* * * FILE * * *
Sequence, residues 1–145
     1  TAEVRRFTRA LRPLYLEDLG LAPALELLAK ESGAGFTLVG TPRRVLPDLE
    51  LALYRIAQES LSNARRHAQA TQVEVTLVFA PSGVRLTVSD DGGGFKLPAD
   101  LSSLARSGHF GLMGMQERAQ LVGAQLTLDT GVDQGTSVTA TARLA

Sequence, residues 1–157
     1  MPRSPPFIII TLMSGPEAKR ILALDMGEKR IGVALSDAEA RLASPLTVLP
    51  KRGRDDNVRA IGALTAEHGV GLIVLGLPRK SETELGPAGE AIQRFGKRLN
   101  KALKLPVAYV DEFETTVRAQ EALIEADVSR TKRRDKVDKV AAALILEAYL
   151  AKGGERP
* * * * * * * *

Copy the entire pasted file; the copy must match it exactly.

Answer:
Sequence, residues 1–145
     1  TAEVRRFTRA LRPLYLEDLG LAPALELLAK ESGAGFTLVG TPRRVLPDLE
    51  LALYRIAQES LSNARRHAQA TQVEVTLVFA PSGVRLTVSD DGGGFKLPAD
   101  LSSLARSGHF GLMGMQERAQ LVGAQLTLDT GVDQGTSVTA TARLA

Sequence, residues 1–157
     1  MPRSPPFIII TLMSGPEAKR ILALDMGEKR IGVALSDAEA RLASPLTVLP
    51  KRGRDDNVRA IGALTAEHGV GLIVLGLPRK SETELGPAGE AIQRFGKRLN
   101  KALKLPVAYV DEFETTVRAQ EALIEADVSR TKRRDKVDKV AAALILEAYL
   151  AKGGERP